The Noodle Memories, Chinatown: Authentic KL-style chilli pan mee by Malaysian hawkers with customisable chilli levels from S$5

·6-min read

It’s been close to three years since I’ve stepped into Malaysia, and I sorely miss a good ‘ol bowl of KL chilli pan mee. No-fuss noodles tossed in a dark sauce, topped with springy minced meat and ikan bilis, and of course, with a dollop of dried chilli granules on the side…total yums.

To my delight, I discovered that I could satisfy my pan mee fix right here in Singapore. The Noodle Memories, a quaint hawker stall located within Hong Lim Market & Food Centre, sells authentic KL-style pan mee from just S$4 per bowl.

Photo of storefront
Photo of storefront

The Noodle Memories was opened in April 2021 by 27-year-old Ewa Lim and her 30-year-old sister-in-law, Kong Su Teng. Both young ladies were born and raised in Kuala Lumpur, but permanently moved to Singapore in December 2020 to be with their husbands, who work in Singapore.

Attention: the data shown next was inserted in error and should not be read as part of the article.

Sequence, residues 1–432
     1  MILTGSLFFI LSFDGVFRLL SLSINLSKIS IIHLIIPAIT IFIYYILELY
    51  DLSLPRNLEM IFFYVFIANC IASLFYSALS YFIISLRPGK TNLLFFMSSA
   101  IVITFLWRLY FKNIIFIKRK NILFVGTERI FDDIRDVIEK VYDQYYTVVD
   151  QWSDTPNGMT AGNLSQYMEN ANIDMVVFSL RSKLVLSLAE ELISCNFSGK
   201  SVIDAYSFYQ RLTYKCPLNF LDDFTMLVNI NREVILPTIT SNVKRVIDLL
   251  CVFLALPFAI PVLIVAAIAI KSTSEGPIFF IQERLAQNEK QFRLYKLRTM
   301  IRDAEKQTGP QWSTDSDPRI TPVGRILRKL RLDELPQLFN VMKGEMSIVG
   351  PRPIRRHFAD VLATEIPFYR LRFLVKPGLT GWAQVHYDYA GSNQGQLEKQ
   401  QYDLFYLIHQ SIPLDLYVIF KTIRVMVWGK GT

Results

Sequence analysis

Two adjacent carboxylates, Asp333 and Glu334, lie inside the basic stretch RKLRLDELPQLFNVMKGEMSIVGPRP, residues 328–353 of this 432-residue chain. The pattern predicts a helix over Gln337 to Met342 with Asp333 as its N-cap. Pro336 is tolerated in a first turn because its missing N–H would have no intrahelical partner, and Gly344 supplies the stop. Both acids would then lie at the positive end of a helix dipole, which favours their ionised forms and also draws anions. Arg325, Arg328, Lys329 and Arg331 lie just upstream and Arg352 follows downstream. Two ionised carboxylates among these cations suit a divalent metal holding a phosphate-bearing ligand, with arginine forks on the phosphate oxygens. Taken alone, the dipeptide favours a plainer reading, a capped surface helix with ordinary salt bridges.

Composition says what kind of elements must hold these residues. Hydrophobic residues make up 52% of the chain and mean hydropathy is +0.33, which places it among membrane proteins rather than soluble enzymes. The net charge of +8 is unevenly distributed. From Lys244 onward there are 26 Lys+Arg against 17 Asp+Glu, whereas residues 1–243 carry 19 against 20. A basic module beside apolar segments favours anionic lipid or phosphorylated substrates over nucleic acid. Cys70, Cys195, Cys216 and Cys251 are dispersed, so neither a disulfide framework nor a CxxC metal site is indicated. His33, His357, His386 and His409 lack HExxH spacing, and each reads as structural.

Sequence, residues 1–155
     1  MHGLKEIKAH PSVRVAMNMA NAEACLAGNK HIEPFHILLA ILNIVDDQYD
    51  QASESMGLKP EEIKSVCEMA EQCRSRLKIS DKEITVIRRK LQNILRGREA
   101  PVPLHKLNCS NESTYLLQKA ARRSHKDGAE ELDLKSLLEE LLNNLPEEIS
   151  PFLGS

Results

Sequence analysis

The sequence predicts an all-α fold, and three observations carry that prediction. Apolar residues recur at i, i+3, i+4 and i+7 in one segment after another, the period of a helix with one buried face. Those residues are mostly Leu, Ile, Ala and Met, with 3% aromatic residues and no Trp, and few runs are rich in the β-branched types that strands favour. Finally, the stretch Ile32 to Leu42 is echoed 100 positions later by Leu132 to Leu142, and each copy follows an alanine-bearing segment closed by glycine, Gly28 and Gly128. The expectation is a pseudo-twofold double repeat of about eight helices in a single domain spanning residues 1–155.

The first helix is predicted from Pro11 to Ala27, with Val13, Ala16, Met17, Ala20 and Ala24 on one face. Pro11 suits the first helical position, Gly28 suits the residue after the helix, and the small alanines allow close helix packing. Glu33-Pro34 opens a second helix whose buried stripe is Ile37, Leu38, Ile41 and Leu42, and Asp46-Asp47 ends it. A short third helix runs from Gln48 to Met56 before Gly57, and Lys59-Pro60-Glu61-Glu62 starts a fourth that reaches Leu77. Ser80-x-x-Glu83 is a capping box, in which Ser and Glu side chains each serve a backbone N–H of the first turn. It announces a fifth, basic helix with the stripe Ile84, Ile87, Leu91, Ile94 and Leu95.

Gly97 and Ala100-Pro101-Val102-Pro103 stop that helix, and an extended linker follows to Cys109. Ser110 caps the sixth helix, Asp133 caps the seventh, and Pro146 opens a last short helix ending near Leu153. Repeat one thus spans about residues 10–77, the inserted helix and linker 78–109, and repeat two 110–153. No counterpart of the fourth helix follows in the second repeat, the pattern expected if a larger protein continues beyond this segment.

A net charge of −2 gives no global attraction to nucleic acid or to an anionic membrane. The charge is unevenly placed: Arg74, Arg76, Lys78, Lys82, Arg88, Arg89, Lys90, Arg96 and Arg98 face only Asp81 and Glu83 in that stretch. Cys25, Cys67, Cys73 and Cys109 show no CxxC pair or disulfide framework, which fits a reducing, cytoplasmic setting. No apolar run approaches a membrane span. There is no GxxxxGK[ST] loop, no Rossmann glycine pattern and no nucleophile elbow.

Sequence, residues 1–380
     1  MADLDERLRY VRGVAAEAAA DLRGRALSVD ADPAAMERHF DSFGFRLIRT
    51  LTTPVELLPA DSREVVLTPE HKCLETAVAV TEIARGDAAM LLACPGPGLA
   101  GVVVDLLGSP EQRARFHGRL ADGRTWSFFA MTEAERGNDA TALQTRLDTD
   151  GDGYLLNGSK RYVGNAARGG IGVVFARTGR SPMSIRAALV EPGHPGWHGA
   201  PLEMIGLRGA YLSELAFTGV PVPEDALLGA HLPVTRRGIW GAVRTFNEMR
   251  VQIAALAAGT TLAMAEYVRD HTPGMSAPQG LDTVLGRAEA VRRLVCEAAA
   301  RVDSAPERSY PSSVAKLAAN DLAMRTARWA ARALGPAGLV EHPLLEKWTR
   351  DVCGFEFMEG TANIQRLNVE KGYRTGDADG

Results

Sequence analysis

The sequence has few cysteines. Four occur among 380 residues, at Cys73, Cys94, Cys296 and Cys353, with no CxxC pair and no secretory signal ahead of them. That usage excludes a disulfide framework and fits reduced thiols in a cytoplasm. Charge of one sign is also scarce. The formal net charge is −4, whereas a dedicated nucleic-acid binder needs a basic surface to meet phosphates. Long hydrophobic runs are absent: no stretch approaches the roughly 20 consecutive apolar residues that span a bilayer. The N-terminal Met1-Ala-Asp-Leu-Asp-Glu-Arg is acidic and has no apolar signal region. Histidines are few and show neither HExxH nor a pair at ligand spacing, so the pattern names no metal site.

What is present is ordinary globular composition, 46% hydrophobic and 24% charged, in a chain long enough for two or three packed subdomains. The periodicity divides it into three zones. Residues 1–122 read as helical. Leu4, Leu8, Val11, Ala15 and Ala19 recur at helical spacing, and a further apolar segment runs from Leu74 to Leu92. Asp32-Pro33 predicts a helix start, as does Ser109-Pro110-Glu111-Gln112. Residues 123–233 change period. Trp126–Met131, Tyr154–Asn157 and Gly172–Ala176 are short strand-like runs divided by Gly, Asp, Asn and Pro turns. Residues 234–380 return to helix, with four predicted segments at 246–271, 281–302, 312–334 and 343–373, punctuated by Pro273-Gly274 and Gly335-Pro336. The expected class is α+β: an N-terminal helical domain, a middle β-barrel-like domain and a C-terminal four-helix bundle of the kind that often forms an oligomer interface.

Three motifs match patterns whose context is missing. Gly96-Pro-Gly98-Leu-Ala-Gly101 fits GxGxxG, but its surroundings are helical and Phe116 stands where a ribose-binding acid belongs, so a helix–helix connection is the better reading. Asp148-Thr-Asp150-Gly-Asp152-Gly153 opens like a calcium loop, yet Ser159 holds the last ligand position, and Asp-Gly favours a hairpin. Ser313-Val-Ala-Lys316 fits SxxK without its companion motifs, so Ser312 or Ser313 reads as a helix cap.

Despite this being their first foray into the local hawker business in Singapore, both Ewa and Su Teng bring plenty of experience to the table. 

Ewa’s mother has been running a handful of legit pan mee stalls in KL for close to 30 years, and Ewa and Su Teng spent close to a decade helping out at the stalls before tweaking the recipe and bringing it to Singapore. So if you’re looking for authentic KL-style pan mee, this is it.

What I tried

Photo of dry chilli ban mian
Photo of dry chilli ban mian

I went for a classic bowl of Speciality Dry Chilli Noodle (S$5). Upon ordering, I was asked for my preferred spice level in Mandarin. The Noodle Memories has three spice levels: Xiao La, Zhong La and Da La, just like mala xiang guo.

The first thing I asked was: “Oh, how spicy is your chilli?”

One of the ladies chuckled and replied, “Quite spicy.”

Deciding that I was here to have a good time and not a sweltering hot time, I went for Xiao La. If you’re a fan of all things spicy and up for a challenge, you can go for Zhong La or Da La instead.

The Noodle Memories’ Speciality Dry Chilli Noodle looked pretty decent, with a bed of you mian, a heap of minced meat, shredded black fungus, vegetables, a runny egg, a large piece of beancurd skin, a spoonful of crumbly chilli granules, and finished off with fried shallots.

Close up of egg yolk
Close up of egg yolk